No, but he's still kinda leisurely.
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Lucius
Posted on Saturday, December 02, 2006 - 08:10 pm:   

Watching a mini-series (4 hrs) by Walter Hill, Broken Trail, starring Robert Duvall and one of my favorite character actors, Thomas Hayden Church, about a rancher (Duval) and his estranged nephew (Church) who end up protecting five Chinese girls who've been sold into slavery. Pretty damn good western.
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MarcL
Posted on Saturday, December 02, 2006 - 08:51 pm:   

Yeah, I heard Broken Trail was a really good Western. I've still got Hidden Blade and now Forbidden Games waiting to be watched--but the house is overrun with kids tonight, and I won't be watching nothing. And I don't want to talk about what I just had to sit through at the local movieplex. Let's just say, if Danny Devito sticks to drunken appearances on talk shows from now on, he will have earned my respect. That sort of thing is honest work by comparison to his theatrical appearances.

Lucius, I think you have my email address...drop me a line with yours, and I'll get your snailmail address in order to send you something akin to an early secular xmas present, dvdwise. (A recent computer crash wiped out a random assortment of addresses in my email history.)
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Lucius
Posted on Saturday, December 02, 2006 - 08:57 pm:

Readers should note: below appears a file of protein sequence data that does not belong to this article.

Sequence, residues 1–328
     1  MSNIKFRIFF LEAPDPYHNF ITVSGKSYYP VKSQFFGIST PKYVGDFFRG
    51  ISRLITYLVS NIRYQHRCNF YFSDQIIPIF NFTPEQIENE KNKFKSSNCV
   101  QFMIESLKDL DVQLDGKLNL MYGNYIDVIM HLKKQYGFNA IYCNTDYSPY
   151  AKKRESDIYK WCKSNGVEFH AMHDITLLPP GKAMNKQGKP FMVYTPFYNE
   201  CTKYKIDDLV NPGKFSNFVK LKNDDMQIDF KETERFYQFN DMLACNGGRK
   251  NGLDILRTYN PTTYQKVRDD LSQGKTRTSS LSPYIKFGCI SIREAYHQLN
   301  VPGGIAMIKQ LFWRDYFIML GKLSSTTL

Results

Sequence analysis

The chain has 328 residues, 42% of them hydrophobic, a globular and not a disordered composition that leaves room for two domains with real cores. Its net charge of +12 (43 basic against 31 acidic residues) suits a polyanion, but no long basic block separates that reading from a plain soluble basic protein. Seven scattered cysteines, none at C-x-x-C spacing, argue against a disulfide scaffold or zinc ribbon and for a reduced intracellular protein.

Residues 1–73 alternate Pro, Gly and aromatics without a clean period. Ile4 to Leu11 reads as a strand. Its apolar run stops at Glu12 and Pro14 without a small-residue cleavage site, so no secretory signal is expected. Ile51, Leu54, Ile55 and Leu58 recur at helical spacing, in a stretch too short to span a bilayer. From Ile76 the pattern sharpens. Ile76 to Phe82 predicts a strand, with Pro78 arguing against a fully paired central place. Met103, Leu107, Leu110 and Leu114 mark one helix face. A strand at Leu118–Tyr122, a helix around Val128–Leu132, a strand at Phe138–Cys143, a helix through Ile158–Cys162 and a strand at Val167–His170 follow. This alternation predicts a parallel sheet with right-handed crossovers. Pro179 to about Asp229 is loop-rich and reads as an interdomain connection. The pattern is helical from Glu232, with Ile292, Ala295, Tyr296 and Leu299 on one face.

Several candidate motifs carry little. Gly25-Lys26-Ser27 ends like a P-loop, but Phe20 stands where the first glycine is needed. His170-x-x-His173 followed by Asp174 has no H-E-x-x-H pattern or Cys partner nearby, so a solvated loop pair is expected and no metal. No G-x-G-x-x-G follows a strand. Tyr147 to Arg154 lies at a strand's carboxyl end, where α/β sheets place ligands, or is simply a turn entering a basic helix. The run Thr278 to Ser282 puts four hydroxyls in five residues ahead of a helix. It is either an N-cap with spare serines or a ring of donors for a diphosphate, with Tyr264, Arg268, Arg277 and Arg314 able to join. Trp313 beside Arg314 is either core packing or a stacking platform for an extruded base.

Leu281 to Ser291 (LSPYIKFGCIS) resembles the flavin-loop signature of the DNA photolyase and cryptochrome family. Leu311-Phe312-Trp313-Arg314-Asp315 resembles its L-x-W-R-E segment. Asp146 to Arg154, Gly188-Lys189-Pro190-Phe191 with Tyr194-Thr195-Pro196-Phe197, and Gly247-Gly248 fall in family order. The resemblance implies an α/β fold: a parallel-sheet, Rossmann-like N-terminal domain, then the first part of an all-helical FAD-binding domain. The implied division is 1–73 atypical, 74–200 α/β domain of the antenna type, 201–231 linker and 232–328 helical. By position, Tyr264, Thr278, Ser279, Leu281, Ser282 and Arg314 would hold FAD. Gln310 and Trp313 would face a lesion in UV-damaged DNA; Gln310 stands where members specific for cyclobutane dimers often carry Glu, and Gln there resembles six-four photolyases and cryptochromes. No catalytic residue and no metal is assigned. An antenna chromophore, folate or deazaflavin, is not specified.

God help you, Marc, because it's clear that fate has not done well by you. :-) I feel your pain.


I had a computer crash, too, got a new computerm, and lost edresses. But if you write me at lucius4@earthlink.net, I'll send my address.
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PM
Posted on Saturday, December 02, 2006 - 09:22 pm:   

Gotta back it up and store the backups offsite (safety deposit box, etc.)

MarcL, should have seen HAPPY FEET :-) and folk wonder why kids only want to play video games...
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Lucius
Posted on Sunday, December 03, 2006 - 06:57 am:   

Broken Trail wound up being very satisfying. It's no Lonesomme Dove, but Duvall and Church were outstanding, and there were some nice unexpected bits, like the resolution of a relatiionship between Duval and a hooker.
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Dave G.
Posted on Monday, December 04, 2006 - 07:12 am:   

Went and saw TURISTAS on Friday. Not bad for a guilty pleasure movie. All the bad things you can say about cineplex slash-em-ups apply here: half-baked acting, zero character development, bad cinematography, implausible plot, etc.

On the plus side of the ledger, making this a good guilty pleasure movie are the way the setting (both in terms of the "turistas" otherness and the physically intimidating slums and jungle that become part of the menace), a moderately clever political subtext and a final underwater chase scene through caves that is genuinely exciting and suspenseful.

For what it is, not half bad.
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Dave G.
Posted on Monday, December 04, 2006 - 07:14 am:   

Kind of enjoyed Argento's "Pelts" on MOH Friday, but I sort of chuckled at the way Argento blithely embraces the stupidest plot conceits. A race of raccoons becoming "sentinels of the Lost City"? OMG!